Terete FAQS

We are always happy to help with any questions that you may have with your wooden hot tub, hot tub accessories or saunas. All we ask is that you take a look at the FAQs below to make sure that we haven’t already answered your question. If you cannot find your answer here, please feel free to contact us here.

← FAQs

Hot Tubs

Generally, they do – but only initially, after installation or if they have been allowed to dry out. During normal operation, when the wood is warm and saturated, the seal is made naturally (and without the use of any glue) as the wood swells by as much as 2% against the bands, making the tub watertight.
This process may take anything from a day to two or three weeks after commissioning, but we guarantee that they will always seal. The joints between each stave and the base are coopered to very fine tolerances by the manufacturers in Canada.

With careful ownership and correct water treatment we would expect them to be giving you the same pleasure in 20years as they do when first installed. There are similar tubs out in Canada and the US that have been around for even longer. Some of the plumbing components may need replacing during that time, but the cedar wood, due to its anti-decay properties, should endure.

No. The cedar will look after itself, although, should you wish to maintain the natural colour of the wood, we see no reason why it cannot be oiled with cedar oil – just on the outside. Most people prefer the maintenance free, natural ageing of the wood, which will slowly turn it to a silver colour.

Most emphatically – NO. As long as the water chemistry is correct, they are probably easier to keep clean than plastic spas. Recent evidence has shown that wooden surfaces harbour fewer bacteria than plastic due to the natural disinfecting agents within the wood. It is this, together with the correct water treatment that keeps wooden tubs clean. It is a complete MYTH that they turn green and slimy (if looked after correctly).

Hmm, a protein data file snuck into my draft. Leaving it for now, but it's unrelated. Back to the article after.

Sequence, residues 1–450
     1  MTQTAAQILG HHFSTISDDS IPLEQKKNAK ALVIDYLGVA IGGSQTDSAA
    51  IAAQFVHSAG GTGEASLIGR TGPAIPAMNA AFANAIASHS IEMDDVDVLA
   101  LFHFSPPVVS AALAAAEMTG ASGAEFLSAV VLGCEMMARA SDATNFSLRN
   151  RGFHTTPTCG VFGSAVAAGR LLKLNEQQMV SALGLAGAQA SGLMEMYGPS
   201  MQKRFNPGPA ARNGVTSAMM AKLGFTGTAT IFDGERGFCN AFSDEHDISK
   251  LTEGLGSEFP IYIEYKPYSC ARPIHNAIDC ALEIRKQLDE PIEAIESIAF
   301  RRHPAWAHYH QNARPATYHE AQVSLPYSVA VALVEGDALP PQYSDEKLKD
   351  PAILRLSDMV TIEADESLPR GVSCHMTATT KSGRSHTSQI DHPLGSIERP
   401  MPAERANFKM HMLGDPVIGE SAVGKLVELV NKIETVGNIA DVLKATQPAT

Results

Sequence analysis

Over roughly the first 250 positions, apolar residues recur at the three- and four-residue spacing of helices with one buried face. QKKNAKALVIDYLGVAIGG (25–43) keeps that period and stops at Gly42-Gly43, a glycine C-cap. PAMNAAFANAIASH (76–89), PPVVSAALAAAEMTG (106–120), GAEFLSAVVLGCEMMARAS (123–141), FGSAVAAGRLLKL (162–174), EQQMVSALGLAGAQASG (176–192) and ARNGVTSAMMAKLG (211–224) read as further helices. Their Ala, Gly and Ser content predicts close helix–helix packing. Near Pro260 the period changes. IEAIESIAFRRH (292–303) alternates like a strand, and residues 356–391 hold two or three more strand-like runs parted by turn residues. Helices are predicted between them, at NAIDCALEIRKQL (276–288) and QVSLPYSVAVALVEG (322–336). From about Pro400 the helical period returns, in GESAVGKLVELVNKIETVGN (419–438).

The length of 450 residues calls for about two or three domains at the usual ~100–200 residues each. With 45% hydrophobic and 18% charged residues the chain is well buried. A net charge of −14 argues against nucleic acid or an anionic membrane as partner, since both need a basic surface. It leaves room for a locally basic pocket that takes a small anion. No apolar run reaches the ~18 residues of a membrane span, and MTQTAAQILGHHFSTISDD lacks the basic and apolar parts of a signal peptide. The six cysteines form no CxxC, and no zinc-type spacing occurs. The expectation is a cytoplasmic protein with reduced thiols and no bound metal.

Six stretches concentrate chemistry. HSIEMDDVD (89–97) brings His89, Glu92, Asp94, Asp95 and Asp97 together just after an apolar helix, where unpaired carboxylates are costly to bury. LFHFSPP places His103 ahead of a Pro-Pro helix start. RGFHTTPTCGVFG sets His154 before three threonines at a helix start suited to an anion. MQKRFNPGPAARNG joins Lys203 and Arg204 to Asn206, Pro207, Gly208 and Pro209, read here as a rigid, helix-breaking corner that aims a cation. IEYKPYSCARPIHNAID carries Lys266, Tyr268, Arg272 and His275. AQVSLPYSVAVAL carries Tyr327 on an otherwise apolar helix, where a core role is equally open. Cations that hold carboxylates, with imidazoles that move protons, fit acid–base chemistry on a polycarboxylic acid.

Certainly. In fact, we think that the best experience is on a frosty, still and clear evening, or even in the snow. A feeling of ‘cheating’ becomes apparent on these occasions, when you are usually trapped indoors.

As mentioned, wooden tubs hold more water than spas because of their depth – one of their biggest advantages in terms of the bathing experience. This obviously means they are somewhat heavier and that a good solid base is required. Whether free-standing or partially sunk, they need to stand on a level, re-inforced concrete pad – 4” thick on top of 4” hardcore.

Both a water supply (garden hose) for filling, and a land drain for emptying, needs to be close to hand.

Finally, an electrical source is needed for the heater/control unit and pumps:

Low Force – 16A
White Force – 25A
High Force – 32A

This is very much down to you – but a few points are worth considering.
Proximity to the house
Nearest shower – it is recommended that users shower before and after using a hot tub.
Shelter – from wind in particular
Indoors or outdoors – an indoor tub is cheaper to run, but needs careful ventilation.

Common sense should prevail at all times. Pregnancy and heart conditions should make users particularly aware that prolonged exposure to hot water can cause problems (seek medical advice). Alcohol, particularly to excess, is obviously not to be recommended. Anyone feeling at all uncomfortable for any reason should leave the tub immediately.

We have heard stories of kidney damage to children in the US, where apparently they have laid against a strong water jet for some time. This would be very difficult in our hot tubs, as users are free floating rather than laid back in the pre-determined body moulds of the plastic spas. Some manufacturers imply that the stronger the jet, the better the experience. We don’t – our pumps are accordingly rated for comfort.

Those with sensitive skin also need to consider which sanitising method to use, as with any spa/hot tub.

Initially – yes. For the first few fills, and especially the first one, the tannin in the wood (which gives whiskey its colour in whiskey barrels) leaches out into the water. The sanitiser used accelerates this action, chlorine more so than bromine. The water will appear brown but is in no way harmful and with progressive water changes this leaching will gradually disappear.

← FAQs